Now, there are a lot of benefits to using a CDN, but there are some particular issues as well. Most of them come down to poor configuration or poor usage, though, and can be mitigated.
First of all, you might encounter cross-site security issues. These tend to happen if you’re running SSL on your site, but not using SSL on the CDN. A CDN can use encryption for the content they serve to a non-encrypted site, but not vice versa. If your site is encrypted, but is referring unencrypted media, web browsers will issue a warning. This can be particularly detrimental if your CDN is forwarding scripts; a cross-site scripting warning often blocks a site from loading completely.
Secondly, a misconfigured CDN can potentially cause duplicate content issues. This is pretty rare! Most every CDN sets up canonicalization for the content they host. At the very least, they have instructions for you to do it. If you’re getting duplication issues or a Panda penalty from Google, chances are you can fix it with just a couple of configuration options.
Third, a CDN might delay loading your site. This happens when you have render-blocking media attached to the CDN. Essentially, the user polls your web server looking to load the page, starts to load the page, then has to wait on the CDN to respond before the page fully loads.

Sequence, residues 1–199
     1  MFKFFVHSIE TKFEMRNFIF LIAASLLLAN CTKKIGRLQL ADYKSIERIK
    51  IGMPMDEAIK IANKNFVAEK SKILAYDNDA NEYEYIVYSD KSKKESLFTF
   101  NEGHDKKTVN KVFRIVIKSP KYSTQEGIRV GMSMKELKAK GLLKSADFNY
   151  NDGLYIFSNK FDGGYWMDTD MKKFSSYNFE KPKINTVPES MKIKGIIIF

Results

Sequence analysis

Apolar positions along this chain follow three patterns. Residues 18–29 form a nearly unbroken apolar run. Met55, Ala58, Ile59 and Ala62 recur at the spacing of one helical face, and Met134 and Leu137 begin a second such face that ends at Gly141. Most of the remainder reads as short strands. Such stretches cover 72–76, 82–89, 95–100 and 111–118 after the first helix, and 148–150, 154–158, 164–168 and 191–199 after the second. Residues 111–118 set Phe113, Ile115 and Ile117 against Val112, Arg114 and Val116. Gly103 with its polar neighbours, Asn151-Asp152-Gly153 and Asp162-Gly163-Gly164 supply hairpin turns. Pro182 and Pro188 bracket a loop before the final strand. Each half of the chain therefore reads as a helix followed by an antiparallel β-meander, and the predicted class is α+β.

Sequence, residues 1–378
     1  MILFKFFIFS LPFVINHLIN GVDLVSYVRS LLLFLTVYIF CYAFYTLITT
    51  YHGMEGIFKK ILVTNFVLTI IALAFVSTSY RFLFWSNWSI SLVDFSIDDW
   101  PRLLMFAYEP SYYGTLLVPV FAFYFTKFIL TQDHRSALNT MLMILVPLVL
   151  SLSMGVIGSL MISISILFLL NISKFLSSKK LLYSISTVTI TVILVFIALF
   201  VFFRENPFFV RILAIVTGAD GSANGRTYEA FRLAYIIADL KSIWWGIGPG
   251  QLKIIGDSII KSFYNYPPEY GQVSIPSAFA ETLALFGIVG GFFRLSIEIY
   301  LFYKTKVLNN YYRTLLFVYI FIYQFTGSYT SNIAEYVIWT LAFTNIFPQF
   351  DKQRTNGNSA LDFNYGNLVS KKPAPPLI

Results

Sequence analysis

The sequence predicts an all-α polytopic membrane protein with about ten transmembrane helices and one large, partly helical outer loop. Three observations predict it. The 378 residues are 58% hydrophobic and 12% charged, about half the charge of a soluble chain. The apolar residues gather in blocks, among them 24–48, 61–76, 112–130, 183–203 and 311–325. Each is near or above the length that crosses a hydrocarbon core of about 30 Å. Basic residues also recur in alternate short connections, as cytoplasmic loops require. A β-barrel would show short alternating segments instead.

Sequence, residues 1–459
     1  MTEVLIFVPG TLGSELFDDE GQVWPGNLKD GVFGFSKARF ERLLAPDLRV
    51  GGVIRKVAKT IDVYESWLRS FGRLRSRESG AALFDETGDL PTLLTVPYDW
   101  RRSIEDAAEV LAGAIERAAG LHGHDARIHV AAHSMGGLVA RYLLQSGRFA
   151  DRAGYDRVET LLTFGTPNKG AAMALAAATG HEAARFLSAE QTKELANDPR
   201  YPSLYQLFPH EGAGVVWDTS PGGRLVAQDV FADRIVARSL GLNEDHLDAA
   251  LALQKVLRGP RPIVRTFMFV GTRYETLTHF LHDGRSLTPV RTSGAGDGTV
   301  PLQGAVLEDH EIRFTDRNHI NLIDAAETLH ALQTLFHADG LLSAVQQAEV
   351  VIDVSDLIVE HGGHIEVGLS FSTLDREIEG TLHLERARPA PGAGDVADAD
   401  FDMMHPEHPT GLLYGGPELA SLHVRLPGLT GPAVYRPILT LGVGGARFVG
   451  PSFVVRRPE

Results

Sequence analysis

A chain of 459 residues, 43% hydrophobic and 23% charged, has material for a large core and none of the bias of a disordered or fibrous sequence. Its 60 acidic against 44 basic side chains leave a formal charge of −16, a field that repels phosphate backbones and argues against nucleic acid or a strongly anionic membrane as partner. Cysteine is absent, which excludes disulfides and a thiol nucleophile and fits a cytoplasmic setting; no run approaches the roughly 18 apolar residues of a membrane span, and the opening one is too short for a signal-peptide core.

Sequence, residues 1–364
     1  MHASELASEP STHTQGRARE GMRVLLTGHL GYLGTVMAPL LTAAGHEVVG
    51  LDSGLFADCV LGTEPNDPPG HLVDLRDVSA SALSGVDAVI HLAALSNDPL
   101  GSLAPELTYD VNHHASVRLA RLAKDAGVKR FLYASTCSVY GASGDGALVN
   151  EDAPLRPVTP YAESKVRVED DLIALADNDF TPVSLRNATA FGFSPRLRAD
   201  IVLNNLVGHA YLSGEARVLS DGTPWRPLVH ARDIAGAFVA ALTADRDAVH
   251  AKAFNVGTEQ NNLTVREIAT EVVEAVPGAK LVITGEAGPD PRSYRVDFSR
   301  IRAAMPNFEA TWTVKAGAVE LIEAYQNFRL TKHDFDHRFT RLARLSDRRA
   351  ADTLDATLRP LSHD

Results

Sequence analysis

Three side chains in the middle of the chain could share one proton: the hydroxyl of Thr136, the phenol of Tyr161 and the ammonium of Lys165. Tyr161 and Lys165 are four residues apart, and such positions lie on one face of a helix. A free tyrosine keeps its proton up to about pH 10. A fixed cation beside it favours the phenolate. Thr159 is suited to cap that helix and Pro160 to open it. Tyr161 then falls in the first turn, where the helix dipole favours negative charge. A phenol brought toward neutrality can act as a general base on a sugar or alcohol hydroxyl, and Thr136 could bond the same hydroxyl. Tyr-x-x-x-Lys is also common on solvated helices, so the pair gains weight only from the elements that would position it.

This is a sign of poor implementation of the CDN. When you’re loading scripts or media, you want them to be loaded asynchronously. This applies whether or not you’re using a CDN, for that matter. You don’t want the text of your blog post to have to wait for an embedded video to load before the text appears, right? Lazy loading content is essential, whether you’re using a CDN or not.
One fourth consideration is the expense of a CDN. Now, most CDNs these days are pretty cheap. Amazon’s CloudFront is free for customers with under 50 GB of data transfer and under 2,000,000 monthly requests. For on-demand pricing, it’s something like 8.5 cents per 10 terabytes of data transfer, which is insanely cheap.
That said, any expense is more than no expense. If you’re operating on a shoestring budget, the additional cost of a CDN might not be something you want to pay. On the other hand, if you get a spike of traffic and your web host has a bandwidth camp, a CDN might be cheaper than the charges the web host levies on you. It’s certainly something to consider.